Innovation Sighting: Nissan’s Intelligent Car Horn

by | Oct 15, 2012 | Attribute Dependency, Consultants, Ideation, Innovation Sighting | 0 comments

Nissan’s latest innovation takes the lowly car horn and elevates it to the status of “smart.”  The 2013 Altima has a new feature that’s likely to surprise buyers. It’s called Easy-Fill Tire Alert.  The car’s tire pressure monitoring system informs drivers when a tire is low on air and then uses the sedan’s horn and hazard lights to confirm that the tire has been filled adequately.

This is a classic use of the Task Unification Technique, one of five in the innovation method called SIT.  Task Unification works by taking a component and assigning it an additional job.  That component can be an internal resource (in this case, something on or in the car) or an external resource, something in the vicinity of the car, but not within the manufacturer’s control (a passenger, for example).  The additional job can be “stolen” from another component or it can be assigned something new.

Auto makers have used this seemingly simple component before for other purposes than just beeping at other drivers.  Car horns have been “recruited” to sound off as a burglar alarm, for example.  Some models of cars have the horn sound when the car is locked or unlocked.  Now, Nissan’s clever innovation assigns the horn the new task of assisting with tire maintenance.  Brilliant!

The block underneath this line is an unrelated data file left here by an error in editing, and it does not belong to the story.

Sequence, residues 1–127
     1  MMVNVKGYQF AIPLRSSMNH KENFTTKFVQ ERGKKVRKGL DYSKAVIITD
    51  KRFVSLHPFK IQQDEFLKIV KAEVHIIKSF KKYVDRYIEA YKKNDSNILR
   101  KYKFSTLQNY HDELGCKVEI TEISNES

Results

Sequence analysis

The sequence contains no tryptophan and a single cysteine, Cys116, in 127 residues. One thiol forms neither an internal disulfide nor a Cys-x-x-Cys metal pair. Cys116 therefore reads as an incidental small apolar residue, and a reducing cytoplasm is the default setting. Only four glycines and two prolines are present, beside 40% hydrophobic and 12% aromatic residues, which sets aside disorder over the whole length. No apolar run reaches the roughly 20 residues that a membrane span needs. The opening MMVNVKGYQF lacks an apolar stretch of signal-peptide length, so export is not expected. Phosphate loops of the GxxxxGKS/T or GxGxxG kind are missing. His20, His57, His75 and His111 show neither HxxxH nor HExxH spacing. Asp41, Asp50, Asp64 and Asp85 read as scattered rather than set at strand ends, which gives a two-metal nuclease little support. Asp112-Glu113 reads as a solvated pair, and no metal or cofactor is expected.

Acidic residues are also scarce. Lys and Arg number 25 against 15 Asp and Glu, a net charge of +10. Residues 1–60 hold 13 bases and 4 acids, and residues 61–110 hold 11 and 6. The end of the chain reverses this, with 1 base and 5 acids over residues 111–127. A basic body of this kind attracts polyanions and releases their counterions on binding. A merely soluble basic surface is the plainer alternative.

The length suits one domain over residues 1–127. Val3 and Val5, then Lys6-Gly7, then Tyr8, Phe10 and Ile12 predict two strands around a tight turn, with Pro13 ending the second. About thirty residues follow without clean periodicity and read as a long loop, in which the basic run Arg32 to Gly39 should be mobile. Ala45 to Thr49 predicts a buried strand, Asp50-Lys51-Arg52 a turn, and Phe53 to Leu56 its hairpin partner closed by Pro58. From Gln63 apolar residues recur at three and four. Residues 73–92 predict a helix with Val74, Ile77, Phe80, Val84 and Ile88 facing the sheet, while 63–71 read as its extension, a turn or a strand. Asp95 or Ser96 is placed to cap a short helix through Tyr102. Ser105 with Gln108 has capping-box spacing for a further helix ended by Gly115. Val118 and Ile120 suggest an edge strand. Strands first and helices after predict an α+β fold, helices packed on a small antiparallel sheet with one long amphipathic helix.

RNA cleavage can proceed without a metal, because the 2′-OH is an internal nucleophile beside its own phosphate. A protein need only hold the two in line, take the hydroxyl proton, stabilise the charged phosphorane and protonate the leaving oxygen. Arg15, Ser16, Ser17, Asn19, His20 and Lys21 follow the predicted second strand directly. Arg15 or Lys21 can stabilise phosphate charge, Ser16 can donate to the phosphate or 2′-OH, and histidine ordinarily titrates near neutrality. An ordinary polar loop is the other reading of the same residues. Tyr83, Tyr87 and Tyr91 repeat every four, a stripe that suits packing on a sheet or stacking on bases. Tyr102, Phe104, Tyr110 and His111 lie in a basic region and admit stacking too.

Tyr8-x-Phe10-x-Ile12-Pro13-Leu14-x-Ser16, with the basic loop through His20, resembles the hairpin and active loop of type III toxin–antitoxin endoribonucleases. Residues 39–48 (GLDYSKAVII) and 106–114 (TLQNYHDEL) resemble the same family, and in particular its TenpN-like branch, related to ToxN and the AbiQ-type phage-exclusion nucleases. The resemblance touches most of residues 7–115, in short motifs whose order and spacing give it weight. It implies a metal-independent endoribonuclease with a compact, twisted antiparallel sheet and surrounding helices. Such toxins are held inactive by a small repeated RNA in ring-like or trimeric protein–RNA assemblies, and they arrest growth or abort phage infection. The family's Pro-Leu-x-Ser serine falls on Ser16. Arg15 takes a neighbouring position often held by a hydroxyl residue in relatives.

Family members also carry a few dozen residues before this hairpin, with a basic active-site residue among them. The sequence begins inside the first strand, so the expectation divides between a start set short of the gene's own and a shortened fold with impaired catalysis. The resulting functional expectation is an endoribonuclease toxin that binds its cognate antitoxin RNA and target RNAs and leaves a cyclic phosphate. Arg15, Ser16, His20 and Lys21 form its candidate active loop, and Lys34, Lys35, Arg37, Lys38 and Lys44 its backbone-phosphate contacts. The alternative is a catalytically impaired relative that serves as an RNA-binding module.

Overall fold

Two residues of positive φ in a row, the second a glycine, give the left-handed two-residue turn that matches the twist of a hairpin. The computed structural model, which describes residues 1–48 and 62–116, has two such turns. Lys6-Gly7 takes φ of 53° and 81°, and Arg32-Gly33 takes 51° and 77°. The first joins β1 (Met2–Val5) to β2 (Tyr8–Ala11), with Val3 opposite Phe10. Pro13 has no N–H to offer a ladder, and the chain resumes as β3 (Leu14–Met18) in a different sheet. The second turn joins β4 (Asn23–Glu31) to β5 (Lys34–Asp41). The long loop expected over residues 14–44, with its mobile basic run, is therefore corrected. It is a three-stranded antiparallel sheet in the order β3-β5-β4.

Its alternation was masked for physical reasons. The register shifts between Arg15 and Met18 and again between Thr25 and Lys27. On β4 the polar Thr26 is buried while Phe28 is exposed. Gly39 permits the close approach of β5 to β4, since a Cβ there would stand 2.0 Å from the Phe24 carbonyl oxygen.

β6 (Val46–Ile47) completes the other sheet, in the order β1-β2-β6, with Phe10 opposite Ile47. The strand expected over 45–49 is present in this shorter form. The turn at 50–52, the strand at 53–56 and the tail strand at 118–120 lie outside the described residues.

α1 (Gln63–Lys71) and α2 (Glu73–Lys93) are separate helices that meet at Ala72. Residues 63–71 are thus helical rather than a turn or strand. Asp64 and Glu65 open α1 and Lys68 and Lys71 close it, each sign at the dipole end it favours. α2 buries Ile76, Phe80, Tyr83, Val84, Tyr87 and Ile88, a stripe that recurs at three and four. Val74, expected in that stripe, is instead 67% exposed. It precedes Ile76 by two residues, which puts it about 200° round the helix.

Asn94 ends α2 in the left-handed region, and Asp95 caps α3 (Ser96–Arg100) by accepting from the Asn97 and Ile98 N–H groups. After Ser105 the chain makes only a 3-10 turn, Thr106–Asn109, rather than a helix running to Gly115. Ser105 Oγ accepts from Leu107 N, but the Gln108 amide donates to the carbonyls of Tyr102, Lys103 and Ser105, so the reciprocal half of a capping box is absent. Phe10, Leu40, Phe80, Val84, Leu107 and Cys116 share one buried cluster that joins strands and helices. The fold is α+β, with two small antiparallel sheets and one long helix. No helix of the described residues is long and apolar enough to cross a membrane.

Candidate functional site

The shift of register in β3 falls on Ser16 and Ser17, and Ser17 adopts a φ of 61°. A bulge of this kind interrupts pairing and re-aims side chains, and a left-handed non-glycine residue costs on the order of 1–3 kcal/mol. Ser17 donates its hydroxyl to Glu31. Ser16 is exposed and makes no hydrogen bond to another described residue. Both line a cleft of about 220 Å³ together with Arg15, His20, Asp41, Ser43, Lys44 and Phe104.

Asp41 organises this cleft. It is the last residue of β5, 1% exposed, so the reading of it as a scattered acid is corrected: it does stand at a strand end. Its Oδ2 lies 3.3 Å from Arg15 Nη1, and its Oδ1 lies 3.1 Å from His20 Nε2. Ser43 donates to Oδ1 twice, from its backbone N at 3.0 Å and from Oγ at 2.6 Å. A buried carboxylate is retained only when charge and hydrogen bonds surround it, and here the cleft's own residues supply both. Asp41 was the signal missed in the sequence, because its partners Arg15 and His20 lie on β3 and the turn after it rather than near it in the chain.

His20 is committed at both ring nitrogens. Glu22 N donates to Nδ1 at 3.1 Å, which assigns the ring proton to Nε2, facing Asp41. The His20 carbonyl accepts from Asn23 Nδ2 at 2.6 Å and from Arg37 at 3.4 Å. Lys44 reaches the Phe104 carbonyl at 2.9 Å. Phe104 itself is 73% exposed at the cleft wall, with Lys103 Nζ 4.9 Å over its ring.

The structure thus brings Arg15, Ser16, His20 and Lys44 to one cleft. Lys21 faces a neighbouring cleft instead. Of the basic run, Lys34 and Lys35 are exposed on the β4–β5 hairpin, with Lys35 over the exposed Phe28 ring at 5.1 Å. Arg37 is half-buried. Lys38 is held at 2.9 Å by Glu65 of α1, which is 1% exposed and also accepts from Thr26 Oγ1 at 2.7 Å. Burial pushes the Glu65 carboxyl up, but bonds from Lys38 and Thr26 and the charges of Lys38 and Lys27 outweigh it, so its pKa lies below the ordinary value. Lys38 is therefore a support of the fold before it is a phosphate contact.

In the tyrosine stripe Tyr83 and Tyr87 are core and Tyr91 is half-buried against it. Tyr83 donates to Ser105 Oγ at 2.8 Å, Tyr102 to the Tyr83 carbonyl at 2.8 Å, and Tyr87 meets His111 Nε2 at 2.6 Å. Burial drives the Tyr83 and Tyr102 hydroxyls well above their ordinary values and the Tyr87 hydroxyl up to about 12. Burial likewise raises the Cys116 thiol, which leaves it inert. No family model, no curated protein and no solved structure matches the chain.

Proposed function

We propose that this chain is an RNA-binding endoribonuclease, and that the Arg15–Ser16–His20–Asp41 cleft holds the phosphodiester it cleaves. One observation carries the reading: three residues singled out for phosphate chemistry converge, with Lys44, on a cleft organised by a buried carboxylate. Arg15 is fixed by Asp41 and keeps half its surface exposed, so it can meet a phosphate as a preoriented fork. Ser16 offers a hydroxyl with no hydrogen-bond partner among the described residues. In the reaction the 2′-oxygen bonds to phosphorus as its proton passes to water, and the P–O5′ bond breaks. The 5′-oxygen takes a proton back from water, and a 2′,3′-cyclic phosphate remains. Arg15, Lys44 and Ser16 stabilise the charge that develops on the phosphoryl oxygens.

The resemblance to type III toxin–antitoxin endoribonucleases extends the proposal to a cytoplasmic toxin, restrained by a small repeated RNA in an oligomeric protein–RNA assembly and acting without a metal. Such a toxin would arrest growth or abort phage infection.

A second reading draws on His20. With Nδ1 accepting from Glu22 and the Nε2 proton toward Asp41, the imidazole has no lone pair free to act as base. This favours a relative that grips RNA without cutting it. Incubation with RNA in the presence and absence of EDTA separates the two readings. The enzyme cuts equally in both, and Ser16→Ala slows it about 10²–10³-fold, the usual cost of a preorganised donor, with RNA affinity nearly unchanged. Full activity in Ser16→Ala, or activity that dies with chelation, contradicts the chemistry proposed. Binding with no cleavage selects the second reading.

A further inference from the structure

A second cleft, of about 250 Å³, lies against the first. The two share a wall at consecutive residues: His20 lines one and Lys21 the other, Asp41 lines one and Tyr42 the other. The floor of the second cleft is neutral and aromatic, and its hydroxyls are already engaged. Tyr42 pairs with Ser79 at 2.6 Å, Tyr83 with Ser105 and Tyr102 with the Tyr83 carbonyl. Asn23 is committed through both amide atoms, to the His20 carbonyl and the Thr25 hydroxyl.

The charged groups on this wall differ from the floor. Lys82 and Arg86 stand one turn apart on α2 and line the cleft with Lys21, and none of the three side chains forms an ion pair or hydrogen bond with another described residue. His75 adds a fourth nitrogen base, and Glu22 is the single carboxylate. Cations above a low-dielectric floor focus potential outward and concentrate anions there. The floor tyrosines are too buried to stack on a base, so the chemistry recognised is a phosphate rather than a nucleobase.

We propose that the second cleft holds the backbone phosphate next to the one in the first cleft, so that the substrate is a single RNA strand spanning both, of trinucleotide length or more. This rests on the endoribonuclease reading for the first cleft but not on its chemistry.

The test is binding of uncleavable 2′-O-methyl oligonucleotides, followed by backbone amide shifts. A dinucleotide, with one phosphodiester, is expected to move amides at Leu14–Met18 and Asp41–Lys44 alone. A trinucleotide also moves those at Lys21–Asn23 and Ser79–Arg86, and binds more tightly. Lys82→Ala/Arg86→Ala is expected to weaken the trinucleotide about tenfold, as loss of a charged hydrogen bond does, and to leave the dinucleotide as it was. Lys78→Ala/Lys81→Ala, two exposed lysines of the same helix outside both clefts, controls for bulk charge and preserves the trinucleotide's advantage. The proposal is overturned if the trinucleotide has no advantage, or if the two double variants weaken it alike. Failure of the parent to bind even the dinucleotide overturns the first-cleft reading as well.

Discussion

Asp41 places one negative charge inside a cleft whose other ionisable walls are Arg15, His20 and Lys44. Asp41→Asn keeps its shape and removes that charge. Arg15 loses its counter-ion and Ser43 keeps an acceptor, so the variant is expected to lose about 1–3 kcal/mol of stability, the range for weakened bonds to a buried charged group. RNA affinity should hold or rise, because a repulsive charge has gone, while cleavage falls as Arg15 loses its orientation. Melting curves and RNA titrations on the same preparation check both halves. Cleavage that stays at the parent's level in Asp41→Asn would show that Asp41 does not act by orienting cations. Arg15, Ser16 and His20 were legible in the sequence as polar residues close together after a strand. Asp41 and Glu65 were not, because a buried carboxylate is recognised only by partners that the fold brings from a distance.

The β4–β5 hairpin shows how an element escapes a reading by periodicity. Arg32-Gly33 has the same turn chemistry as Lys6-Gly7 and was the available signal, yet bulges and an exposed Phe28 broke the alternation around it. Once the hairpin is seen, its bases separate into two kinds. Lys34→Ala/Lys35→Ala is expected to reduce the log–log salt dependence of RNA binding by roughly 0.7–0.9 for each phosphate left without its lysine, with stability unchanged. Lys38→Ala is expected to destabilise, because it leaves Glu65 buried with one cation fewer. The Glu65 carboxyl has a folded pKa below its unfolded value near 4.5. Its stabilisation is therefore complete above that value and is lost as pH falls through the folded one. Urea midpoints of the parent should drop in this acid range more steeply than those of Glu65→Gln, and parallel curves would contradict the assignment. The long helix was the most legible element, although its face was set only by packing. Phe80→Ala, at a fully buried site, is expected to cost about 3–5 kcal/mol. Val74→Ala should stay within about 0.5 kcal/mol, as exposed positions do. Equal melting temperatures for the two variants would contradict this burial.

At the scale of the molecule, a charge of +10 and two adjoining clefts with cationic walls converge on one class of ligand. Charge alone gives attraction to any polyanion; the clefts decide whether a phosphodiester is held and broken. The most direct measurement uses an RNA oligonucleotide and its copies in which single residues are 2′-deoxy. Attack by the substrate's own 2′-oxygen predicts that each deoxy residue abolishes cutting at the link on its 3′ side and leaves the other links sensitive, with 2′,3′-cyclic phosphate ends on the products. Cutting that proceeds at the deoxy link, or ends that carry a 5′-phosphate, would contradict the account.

Nissan’s humorous TV commercial to introduce the new feature is brilliant, too:

From Nissan:

The “Easy-Fill Tire Alert” system is an all-new control module currently being phased into vehicle redesigns like the all-new 2013 Nissan Altima.  First, the vehicle’s tire-pressure warning system alerts a driver to a low tire; and on some models displays the current pressure and tire or tires that require attention on the dashboard display.  When alerted, drivers should stop at the nearest gas station to fill the tire with an available air hose.  Once air begins flowing into the tire, the vehicle’s four-way flashers come on to confirm the process has started.  When the tire hits the appropriate pressure level, the horn then chirps to let drivers know the tire has been properly inflated.  If the driver continues to fill the tire with air, the horn honks more aggressively to indicate over inflation. Once air is let out of the tire, the horn chirps once to indicate the correct pressure has been reached.

Just imagine what else a car horn can do.  Using Task Unification makes it easy.